Lipids are a broad group of hydrophobic molecules that serve many important biological functions. The main examples of lipids include fats, oils, waxes, sterols like cholesterol, and phospholipids that makeup cell membranes.
Examples of Lipids
Here are some important examples of lipids:
Triglycerides are an example of lipids, that consist of three fatty acids. These fatty acids are linked to a glycerol backbone that makes up body fat and serves as an important reservoir of metabolic energy. They provide insulation and padding as well. Triglycerides yield more than twice as much energy per unit mass as carbohydrates when broken down.
Phospholipids are another important example of lipids. It is a major component of cell membranes and organelle membranes. Their amphipathic structure with a hydrophobic tail region and hydrophilic phosphate-containing head group allows them to form bilayers spontaneously. This provides the basic barrier structure of membranes.
Cholesterol is an essential lipid molecule inserted into animal cell membranes where it helps modulate membrane fluidity and permeability. Cholesterol serves as the starting compound for the biosynthesis of vitamin D, bile acids to digest fats, and steroid hormones like estrogen and testosterone.
Glycolipids are lipids that contain carbohydrate residues. They extend from the outer surface of cell membranes and play important roles in cell recognition, communication, and maintaining membrane structure. Glycolipids are especially abundant in neural tissue.
Lipoproteins are conjugated molecules of lipids and proteins. It allows hydrophobic lipids like cholesterol to be transported through the aqueous environment of the bloodstream. They contain an outer phospholipid layer, apolipoproteins, and a core containing triglycerides and cholesterol esters. Different lipoproteins transport lipids to and from tissues.
6. Fatty acids
Fatty acids like palmitic, stearic, and oleic acid are the key components of more complex lipids like triglycerides and phospholipids. Essential fatty acids must come from the diet. Fatty acids undergo beta-oxidation to release energy from their carbon chains.
Waxes made up of fatty acids or alcohols bonded to long-chain hydrocarbons provide protective coatings on plant cuticles, feather shafts in birds, hair in mammals, and the exoskeleton of insects. This prevents desiccation.
Sphingolipids are a class of lipids derived from the aliphatic amino alcohol sphingosine rather than glycerol. They are found in cell membranes and play signaling roles vital for cell growth, death, and differentiation. Myelin sheaths containing sphingolipids insulate nerve cells.
Sterols have a four-ring steroid nucleus. Cholesterol is the sterol found in animal cell membranes while phytosterols occur in plant membranes. Sterols help control membrane fluidity and permeability. Cholesterol is also the precursor of steroid hormones.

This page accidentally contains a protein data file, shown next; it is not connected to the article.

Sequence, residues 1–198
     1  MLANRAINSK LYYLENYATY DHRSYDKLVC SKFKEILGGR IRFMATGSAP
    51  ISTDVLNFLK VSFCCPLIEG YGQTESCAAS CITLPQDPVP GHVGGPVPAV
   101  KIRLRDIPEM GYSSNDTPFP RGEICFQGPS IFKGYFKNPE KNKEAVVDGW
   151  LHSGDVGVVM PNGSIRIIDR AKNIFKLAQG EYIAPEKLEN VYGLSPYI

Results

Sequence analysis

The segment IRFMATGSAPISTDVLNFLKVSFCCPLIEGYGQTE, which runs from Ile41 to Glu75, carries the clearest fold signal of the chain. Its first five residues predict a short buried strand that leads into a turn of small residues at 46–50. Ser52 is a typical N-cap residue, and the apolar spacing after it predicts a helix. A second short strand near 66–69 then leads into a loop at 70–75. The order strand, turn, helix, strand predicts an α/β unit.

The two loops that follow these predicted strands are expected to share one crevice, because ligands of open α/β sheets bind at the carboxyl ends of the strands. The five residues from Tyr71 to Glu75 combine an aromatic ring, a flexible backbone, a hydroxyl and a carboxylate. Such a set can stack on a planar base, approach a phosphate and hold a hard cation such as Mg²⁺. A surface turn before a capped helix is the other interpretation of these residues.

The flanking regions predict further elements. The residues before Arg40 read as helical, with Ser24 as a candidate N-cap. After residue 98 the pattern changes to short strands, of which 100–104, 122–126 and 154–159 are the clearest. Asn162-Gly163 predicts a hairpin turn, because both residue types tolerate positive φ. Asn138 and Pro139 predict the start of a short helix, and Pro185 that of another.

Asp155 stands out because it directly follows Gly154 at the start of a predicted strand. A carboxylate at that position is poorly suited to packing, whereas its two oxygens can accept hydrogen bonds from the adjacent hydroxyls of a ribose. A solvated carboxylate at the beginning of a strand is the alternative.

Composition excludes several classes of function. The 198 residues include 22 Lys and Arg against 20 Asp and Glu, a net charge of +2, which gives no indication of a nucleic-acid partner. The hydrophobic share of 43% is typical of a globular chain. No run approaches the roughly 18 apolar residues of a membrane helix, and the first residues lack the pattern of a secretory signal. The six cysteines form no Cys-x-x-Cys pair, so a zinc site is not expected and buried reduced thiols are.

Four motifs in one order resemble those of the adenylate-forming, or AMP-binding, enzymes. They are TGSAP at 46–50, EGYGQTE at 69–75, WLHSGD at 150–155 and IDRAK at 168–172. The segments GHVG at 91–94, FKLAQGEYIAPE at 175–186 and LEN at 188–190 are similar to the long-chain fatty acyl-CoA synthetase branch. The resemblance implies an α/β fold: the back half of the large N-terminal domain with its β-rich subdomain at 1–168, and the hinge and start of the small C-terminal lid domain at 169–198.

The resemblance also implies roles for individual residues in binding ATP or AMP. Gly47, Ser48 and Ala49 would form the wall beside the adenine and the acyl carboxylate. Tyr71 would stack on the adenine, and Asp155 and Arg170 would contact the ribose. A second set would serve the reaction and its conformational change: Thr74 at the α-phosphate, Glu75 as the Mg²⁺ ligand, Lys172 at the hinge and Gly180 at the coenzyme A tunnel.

Leukotrienes are signaling lipids synthesized from arachidonic acid that promote inflammation. They play important roles in the body’s immune response, regulating mechanisms like increased vascular permeability during an inflammatory response.
Related to leukotrienes, prostaglandins are hormone-like lipids synthesized from arachidonic acid that bind receptors at low concentrations. They help regulate blood pressure, ovulation, nerve sensitivity, blood clotting, and inflammation.
Liposomes are spherical vesicles composed of phospholipid bilayers. They can encapsulate and deliver hydrophobic drug molecules, enzymes, or genetic material into cells when the liposomal and cellular membranes fuse together.
Triacylglycerol (triglyceride) is composed of three fatty acids each attached to a glycerol molecule. This lipid stores excess energy from carbohydrates and provides insulation and padding in adipose tissue.
Cerebrosides are glycolipids containing a fatty acid, sphingosine, and a sugar like glucose or galactose. They are found primarily in neural tissue and are abundant components of myelin, the insulation surrounding nerve axons.
Related cerebrosides, gangliosides have complex, branched oligosaccharide chains containing sialic acid. They are also concentrated in grey matter and play important roles in neurodevelopment, nerve transmission, and cell signaling.
Lipase is an enzyme that catalyzes the breakdown of triglycerides into glycerol and fatty acids. It is essential for efficient digestion and absorption of lipids from the diet by hydrolyzing triglycerides into more polar molecules.